Songs of Protest, Revolution & Change in America
Change: in the air, on the air
From the 1950s through today, there have been times of major social upheaval in the United States, when the political climate was ripe for change, especially during the race riots and segregation of the 50's and 60's, and the protests over the Vietnam War era of the 60's and early 70's.
The term "change" was not created by Barack Obama just for his election campaign in 2008, it was simply used again, when the times called for it. There have been many moments when citizens were pleading for change throughout the nation's history, and a number of those moments were turned into songs which became very well-known, and a way to put into music the thoughts and anger of millions.
Protest songs on the radio
At first, AM "top 40" or "popular" music stations in the late 50's and early to mid 60's found a segment of their song choices which more and more included songs with subtle references to problems in America.
By the mid to late 60's with the explosion of FM "underground" music stations, recording artists found themselves with a very viable platform on which not-so-subtle, quite frank and direct songs left no question as to the subject matter and the reason for the protest. And, since successful popular music always reflects the mood of society, artists had no problem finding plenty of ways to get their protest points across.
Here's a brief list of just some of the music which inspired and motivated young people to take up social concerns and political activism.
"Eve of Destruction" - Barry McGuire (1965)
"War" - Edwin Starr (1970)
"What's Goin' On" - Marvin Gaye (1971)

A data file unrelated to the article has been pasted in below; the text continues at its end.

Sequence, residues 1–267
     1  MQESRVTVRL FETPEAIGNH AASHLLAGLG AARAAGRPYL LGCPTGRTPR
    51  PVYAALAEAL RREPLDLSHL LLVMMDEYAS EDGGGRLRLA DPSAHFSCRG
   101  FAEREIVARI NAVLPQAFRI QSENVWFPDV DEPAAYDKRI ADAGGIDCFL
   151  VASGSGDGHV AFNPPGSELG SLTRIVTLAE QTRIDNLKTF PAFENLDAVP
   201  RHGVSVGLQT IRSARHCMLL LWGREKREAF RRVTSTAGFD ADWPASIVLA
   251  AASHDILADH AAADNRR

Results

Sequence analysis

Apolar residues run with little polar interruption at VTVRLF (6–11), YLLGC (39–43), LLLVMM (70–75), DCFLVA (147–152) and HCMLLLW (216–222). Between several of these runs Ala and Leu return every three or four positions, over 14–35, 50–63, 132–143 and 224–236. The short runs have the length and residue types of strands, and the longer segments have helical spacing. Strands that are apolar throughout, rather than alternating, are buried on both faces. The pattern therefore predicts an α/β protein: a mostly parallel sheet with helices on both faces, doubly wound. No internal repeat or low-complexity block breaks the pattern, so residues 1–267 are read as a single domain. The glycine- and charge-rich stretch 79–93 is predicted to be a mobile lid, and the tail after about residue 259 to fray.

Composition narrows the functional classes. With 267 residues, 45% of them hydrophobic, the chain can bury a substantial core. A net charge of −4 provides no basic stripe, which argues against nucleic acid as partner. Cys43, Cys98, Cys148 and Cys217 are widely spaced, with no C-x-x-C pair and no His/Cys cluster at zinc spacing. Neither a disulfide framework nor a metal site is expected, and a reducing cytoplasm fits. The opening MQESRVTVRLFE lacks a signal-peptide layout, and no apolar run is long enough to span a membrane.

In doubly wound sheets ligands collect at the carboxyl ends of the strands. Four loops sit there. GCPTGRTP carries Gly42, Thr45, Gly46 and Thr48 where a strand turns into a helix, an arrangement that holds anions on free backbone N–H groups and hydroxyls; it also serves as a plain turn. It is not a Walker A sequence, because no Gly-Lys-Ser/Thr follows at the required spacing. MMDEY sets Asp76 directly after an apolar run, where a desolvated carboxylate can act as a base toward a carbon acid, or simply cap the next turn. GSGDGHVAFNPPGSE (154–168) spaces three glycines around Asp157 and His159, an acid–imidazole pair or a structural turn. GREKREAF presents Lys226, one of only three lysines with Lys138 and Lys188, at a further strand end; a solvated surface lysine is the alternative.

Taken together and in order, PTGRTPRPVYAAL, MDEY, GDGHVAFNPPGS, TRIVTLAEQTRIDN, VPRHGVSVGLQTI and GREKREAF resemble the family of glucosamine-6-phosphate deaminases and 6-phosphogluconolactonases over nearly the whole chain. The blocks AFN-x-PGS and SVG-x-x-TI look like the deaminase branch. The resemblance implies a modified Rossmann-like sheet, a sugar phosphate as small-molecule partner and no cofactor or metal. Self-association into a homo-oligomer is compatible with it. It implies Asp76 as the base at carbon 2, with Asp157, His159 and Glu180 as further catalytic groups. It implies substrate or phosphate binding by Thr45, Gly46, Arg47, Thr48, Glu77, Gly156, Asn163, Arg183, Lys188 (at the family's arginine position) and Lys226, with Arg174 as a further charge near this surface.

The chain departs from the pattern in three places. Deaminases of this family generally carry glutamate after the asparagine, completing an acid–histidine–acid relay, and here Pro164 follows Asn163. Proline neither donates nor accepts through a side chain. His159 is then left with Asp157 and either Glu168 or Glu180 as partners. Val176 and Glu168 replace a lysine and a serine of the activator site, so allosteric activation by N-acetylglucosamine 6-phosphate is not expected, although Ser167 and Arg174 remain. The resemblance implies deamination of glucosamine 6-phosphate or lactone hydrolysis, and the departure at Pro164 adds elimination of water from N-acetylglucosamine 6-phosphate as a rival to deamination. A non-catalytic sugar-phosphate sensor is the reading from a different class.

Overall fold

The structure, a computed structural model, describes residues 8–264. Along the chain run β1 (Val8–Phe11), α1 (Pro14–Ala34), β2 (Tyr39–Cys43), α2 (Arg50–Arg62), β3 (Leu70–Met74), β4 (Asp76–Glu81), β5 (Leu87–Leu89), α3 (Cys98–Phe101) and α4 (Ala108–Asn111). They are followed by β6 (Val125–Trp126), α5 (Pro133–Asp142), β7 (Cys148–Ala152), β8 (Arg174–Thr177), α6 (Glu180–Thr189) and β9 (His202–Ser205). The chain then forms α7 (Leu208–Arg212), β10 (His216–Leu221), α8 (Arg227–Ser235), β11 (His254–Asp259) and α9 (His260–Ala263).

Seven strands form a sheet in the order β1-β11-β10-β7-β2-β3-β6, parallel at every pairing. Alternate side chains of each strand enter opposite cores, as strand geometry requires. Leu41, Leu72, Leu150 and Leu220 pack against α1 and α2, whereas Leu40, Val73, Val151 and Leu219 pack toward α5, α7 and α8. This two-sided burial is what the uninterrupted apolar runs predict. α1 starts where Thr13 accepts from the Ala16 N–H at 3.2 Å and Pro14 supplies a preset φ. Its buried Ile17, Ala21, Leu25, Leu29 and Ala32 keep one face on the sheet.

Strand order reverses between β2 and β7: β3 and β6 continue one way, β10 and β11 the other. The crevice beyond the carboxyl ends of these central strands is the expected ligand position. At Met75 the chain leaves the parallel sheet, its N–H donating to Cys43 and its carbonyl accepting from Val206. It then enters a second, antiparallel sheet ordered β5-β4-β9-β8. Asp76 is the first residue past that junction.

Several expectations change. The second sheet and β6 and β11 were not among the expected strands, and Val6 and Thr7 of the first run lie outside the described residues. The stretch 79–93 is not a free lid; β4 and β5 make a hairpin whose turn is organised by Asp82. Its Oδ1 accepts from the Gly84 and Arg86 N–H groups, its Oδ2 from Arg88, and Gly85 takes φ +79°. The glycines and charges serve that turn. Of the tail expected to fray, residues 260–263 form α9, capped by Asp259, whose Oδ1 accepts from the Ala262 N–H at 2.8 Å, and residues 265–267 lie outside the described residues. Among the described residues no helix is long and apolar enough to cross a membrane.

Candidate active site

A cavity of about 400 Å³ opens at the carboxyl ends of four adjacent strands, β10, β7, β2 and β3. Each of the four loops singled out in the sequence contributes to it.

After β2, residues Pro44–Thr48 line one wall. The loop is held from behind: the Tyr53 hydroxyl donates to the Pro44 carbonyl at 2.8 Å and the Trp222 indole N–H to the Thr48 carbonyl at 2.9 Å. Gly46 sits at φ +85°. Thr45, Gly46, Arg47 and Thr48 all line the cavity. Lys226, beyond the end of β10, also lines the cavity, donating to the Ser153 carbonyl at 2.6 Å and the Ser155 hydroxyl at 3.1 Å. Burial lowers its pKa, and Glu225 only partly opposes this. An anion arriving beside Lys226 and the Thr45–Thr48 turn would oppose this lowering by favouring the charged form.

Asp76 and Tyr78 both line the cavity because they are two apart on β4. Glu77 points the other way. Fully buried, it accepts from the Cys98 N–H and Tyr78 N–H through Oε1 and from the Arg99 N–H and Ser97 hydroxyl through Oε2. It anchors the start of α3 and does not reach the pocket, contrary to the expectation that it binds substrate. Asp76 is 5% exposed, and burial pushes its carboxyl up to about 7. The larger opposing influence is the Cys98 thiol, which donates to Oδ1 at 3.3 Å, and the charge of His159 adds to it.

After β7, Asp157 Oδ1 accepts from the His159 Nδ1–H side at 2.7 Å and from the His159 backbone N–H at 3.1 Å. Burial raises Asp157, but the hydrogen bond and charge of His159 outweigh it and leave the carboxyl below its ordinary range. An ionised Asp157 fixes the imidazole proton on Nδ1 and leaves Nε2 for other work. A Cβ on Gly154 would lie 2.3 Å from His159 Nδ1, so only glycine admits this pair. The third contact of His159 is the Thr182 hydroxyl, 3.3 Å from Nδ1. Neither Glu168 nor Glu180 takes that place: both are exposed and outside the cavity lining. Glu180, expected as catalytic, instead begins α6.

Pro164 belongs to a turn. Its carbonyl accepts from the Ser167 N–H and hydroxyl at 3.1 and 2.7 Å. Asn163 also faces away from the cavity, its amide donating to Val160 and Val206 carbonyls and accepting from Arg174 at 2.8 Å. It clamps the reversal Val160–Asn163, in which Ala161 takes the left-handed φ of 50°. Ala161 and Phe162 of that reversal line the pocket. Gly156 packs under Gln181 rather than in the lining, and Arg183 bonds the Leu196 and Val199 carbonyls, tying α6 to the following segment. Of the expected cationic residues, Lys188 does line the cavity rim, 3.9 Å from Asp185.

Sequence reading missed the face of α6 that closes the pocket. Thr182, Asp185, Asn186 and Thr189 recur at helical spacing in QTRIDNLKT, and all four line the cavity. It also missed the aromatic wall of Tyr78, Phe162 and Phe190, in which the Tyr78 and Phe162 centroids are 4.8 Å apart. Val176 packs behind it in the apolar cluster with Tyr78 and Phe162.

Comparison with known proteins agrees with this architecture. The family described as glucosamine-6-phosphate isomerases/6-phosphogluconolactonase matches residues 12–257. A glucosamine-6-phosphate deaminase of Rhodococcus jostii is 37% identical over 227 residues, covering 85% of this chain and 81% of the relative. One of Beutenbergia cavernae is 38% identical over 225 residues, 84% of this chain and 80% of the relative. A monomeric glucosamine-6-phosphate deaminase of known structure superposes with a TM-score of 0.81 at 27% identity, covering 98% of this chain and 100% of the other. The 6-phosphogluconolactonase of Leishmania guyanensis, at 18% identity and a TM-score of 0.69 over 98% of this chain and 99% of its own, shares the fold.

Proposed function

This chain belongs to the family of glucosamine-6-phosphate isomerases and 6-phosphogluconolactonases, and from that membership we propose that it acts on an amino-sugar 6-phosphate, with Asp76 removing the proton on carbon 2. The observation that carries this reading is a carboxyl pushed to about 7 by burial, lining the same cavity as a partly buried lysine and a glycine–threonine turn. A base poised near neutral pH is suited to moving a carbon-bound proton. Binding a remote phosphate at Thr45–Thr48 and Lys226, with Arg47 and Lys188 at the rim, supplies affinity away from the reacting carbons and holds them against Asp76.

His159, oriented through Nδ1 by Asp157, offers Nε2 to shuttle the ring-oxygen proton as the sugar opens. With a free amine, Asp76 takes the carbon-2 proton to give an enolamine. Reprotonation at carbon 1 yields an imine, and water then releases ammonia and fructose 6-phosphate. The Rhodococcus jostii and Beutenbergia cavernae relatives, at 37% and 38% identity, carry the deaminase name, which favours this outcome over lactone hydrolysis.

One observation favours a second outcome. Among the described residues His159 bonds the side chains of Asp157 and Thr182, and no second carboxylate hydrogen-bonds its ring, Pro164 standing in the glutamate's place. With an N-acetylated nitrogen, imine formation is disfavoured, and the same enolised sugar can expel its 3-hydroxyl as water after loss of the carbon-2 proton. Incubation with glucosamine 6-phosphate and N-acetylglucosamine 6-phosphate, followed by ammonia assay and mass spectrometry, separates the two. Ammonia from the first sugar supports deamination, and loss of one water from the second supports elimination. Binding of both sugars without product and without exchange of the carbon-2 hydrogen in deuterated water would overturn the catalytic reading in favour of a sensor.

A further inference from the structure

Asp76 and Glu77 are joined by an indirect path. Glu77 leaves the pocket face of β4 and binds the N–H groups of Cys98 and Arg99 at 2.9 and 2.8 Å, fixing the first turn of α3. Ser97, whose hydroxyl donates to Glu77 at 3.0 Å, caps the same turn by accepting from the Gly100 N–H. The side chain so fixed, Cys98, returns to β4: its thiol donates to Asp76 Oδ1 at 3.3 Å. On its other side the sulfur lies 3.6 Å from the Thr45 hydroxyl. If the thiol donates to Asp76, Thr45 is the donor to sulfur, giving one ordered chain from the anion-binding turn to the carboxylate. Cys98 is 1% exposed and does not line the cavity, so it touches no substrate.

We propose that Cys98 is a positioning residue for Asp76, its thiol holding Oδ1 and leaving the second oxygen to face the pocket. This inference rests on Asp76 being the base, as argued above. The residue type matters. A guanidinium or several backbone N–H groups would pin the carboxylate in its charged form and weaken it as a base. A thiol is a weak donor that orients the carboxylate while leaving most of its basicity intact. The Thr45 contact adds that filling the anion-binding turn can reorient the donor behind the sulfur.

"Yes We Can" - Will.I.Am (2008)
A Change Is Gonna Come - Sam Cooke
Blowin' In The Wind - Peter, Paul & Mary
Masters of War - Bob Dylan
Turn, Turn, Turn - The Byrds
The Times They Are A-Changin' - Bob Dylan
Waist Deep In The Big Muddy - Pete Seeger
Draft Dodger Rag - Phil Ochs
I'd Love To Change The World - Ten Years After
Society's Child - Janis Ian
Revolution - The Beatles
Simple Song Of Freedom - Bobby Darin
Alice's Restaurant Massacree - Arlo Guthrie
Peace Train - Cat Stevens
You Haven't Done Nothin' - Stevie Wonder
What's Goin' On - Marvin Gaye
Mercy, Mercy Me - Marvin Gaye
Get Together - The Youngbloods
Yes We Can - Will I. Am
To really appreciate the impact and power the above protest songs had on people of their generation, examine the LYRICS of the songs. Yes, there was clearly a meaning to their messages, and looking at the lyrics will show you the specific focus of that singer's protest.
Of course, there are hundreds of other protest songs, but for this assignment, choose from the well-known ones above and do the following:
1. PICK 3 PROTEST SONGS: Select any three of the above song titles, links or videos from those above, and submit the lyrics (and year) of that song, along with your brief analysis of what ACTION that song is trying to create in the listener. To do this, you'll need to know in what year the song was released and what the politial issues were at that time, which led to that song being created.
Indicate the chorus and verses in each song to which you provide lyrics. Use YouTube to find videos of the songs not provided here. NOTE: If you find your own links, make sure you are watching the actual perfomer and not some kid in their garage lyp-syncing the lyrics (that occurs sometimes with YouTube videos). Provide specific phrases from the song lyrics to prove your points.
2. WHAT HAPPENED IN OHIO? Use the song "Ohio", by Crosby, Stills, Nash & Young, and by examining the lyrics, uncover the major news event that is sung about in the song.
You will have to do a bit of digging and research to investigate this story that became a song. But, it will be worth your time. Here is a link to the song by CSN&Y, performed 4 years after the event.
Tell me, in your own words, how this song may have helped draw attention to the aftermath of the event. Include in your response the answers to these questions: There are four guys in this band: David Crosby, Stephen Stills, Graham Nash & Neil Young. Which one of them wrote this song? Was the song biased? Who is it favoring? Who is it against? Who are the people and events and places they mention in the song? When did this event happen, and when...and why? Who is the woman mentioned repeatedly in the song only as "her"?
Make your response to this question (#2 above) at least one page, single spaced, 12-point type, in a Word document. Thanks.
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